If it's commercially made chocolate, they'd have to eat a lot to get sick. If it's 'real' chocolate, a little amount can be sufficient to really make them sick. Commercial chocolate is a lot of fake stuff.
Microchipped lost dogs
ChaseandZahrasmom last edited by
I went to a all breed dog club meeting tonight that I am interested in joining. The question about microchipping came up and no one there knew of any dog that had been lost and returned due to having the microchip, has anyone heard of any? They are thinking about doing a tatoo clinic at a Bark in the Park, and someone brought up microchipping instead, the woman who had suggested the tattoo clinic said she didn't know the success rate for the microchip and did not know any dog who had been returned because of it. I thought I would ask here if anyone has had any experience with having a dog returned thanks to having their dog microchipped?
BDawg last edited by
I don't personally know of any… but I guess that's because none of my friends have lost their dogs.
Tayda_Lenny last edited by
actually i just had an experience with this. I was out with Tayda and Lenny the other day and a big Golden Retriever trotted past looking lost and anxious. I took my dogs inside and got in my car to find this dog. I ended up finding it in the back of an apartment complex and there was also a cop there who had been called because people were reporting a big dog in traffic almost getting hit. I asked the cop what he was going to do with the dog and he said he had to take it to the humane society. I just couldn't let that happen. so i offered to take it, and call the humane society to let them know i had it in case someone came looking. I took it home and was bathing it, when the cop called back and said "lets take it to the emergency vet clinic to see if it has a microchip" so he came and took the dog there (i requested to go also) he said that some vet clinics will do the scanning for free if a police requests it. we got the number off the chip, and called the number of the "chip" company. They had the name/number of the vet that implanted the chip. We called that vet, but since it was sunday, they were closed. Apparantly the default is that the chip returns the vets information unless you pay more to have your own info put on there. i offered to keep the dog until the next day and i would call the vet.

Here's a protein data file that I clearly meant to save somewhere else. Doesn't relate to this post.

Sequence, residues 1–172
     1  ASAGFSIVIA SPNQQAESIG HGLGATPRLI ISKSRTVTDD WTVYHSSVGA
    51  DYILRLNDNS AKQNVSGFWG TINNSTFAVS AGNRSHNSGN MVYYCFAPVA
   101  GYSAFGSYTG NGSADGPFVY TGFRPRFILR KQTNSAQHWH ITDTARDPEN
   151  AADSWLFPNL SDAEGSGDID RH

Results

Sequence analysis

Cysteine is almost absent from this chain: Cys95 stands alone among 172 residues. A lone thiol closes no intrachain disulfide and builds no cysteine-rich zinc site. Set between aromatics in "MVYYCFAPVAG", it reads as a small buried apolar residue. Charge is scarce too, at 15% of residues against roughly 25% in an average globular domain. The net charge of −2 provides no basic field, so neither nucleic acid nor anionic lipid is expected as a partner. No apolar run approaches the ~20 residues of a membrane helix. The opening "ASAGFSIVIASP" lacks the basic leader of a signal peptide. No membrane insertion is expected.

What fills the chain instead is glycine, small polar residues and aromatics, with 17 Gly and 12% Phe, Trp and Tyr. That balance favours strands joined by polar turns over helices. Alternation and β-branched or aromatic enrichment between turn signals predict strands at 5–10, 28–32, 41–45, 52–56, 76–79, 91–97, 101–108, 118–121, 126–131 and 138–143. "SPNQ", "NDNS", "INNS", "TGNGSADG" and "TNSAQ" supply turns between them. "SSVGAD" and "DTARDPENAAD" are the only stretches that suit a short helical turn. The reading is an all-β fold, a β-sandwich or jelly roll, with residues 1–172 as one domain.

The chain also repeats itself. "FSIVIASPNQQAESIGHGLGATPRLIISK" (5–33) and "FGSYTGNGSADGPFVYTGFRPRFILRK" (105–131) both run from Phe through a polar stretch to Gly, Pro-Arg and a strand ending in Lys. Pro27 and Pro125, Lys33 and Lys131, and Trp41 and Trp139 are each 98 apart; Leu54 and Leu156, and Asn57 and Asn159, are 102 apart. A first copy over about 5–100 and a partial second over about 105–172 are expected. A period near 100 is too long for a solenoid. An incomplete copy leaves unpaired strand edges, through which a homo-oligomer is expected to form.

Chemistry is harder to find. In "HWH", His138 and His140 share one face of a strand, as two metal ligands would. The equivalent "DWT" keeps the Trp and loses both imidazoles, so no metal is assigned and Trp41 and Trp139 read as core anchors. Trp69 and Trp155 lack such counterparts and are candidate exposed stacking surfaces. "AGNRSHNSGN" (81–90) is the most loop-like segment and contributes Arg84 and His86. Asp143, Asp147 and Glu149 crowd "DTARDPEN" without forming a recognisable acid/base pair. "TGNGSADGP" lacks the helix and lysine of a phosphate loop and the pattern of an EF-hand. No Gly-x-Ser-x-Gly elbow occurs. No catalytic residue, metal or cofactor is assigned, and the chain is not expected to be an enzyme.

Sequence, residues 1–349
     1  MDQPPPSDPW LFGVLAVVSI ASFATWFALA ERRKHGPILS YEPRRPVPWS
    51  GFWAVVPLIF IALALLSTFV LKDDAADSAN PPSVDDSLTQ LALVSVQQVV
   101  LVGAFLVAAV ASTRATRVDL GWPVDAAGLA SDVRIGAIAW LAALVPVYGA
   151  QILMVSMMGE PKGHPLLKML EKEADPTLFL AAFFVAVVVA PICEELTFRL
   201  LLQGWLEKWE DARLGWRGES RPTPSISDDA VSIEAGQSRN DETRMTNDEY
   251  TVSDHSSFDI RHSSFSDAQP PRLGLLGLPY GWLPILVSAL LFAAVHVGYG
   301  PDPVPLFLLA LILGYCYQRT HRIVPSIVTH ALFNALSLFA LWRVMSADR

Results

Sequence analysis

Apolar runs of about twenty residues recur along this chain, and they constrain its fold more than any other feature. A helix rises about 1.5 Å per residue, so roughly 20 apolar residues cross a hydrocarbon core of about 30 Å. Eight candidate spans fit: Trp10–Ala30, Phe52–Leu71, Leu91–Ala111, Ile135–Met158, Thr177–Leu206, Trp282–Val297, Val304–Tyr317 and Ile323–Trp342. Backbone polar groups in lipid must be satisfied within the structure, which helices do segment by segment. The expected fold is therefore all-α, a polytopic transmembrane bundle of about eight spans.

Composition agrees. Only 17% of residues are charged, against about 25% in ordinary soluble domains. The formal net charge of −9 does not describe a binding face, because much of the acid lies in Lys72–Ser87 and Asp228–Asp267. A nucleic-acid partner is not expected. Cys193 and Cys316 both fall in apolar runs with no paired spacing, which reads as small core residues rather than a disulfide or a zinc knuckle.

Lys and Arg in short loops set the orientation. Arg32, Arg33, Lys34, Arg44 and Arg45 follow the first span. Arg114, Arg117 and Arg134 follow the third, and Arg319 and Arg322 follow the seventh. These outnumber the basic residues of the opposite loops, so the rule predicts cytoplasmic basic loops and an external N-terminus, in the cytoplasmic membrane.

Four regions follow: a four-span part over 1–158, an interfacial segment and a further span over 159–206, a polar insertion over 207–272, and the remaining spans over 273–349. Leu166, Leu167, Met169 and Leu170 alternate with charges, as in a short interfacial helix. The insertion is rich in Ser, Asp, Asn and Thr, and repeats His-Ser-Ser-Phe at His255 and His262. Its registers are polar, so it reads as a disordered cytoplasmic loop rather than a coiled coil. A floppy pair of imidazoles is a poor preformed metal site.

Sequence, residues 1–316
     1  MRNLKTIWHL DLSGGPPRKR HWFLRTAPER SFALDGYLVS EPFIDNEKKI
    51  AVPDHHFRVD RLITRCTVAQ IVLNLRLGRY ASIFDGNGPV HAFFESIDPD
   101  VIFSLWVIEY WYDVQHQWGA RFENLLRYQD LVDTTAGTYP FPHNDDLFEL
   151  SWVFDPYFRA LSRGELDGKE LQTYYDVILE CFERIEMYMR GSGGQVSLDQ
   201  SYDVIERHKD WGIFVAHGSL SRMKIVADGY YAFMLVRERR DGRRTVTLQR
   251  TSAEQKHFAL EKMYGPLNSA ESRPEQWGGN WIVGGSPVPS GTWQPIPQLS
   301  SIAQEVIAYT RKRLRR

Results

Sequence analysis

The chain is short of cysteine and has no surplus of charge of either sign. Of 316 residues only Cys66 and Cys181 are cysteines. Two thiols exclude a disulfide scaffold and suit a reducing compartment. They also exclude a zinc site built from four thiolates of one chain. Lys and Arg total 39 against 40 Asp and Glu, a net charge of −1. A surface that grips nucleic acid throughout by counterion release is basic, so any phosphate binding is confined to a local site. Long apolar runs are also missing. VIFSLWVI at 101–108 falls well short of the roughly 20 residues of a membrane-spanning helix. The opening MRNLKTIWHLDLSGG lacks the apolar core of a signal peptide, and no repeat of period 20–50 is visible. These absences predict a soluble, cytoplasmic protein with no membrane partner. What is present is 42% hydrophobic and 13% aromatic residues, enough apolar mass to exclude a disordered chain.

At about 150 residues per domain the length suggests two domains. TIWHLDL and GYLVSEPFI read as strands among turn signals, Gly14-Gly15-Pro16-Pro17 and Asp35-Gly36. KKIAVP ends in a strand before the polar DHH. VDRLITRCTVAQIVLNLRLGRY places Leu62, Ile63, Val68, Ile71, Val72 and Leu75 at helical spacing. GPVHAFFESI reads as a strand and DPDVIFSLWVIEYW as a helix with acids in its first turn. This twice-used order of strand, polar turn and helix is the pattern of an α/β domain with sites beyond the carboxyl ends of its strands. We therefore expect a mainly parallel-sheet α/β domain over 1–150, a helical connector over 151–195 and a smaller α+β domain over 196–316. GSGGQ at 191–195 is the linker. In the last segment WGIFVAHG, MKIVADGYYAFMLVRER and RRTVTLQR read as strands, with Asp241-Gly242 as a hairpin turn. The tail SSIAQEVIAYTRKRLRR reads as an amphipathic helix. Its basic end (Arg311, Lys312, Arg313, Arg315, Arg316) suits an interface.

i never had to do that though, because in a few hours, someone had called the humane society looking for it and they came to get him. it was nice to reunite them all. actually, it ended up being a sad story. a couple came to pick up the dog, Bo, and the man said "the dog was actually my fathers companion, but he died last week, and we are now taking care of him" he said he felt so sad all morning because the dog was so important to his father and he felt he had let him down by losing the dog so quickly.
The vet clinic that was on the chip was actually really close to my house. I wonder if his owner (the father) lived near me and the dog was actually trying to go home? the couple lived like 4 miles away…. that dog traveled a long way!
anyway, sorry to make a short answer long. I've actually thought of calling the chip company that implanted lennys chip to see what info it gives... the breeder had him chipped before i got him.
oh, and i asked the cop if it was standard procedure to have the dog scanned, and he said 'not really, but we do it if we have time.' I also asked the humane society if they scan dogs as standard procedure... and they said 'yes'. so i think either way Bo would have been found. thats good to know.
I wonder though, what Basenjis would do if they got away... i feel like they would just keep running and running, and wouldn't necessarily let people get close to them. Golden Retrievers are so friendly toward people, so it was so easy to get him in the car. Actually i put him in the back of my car, and by the time I sat down in the drivers seat, he had jumped into the front passenger seat and put his head on my lap!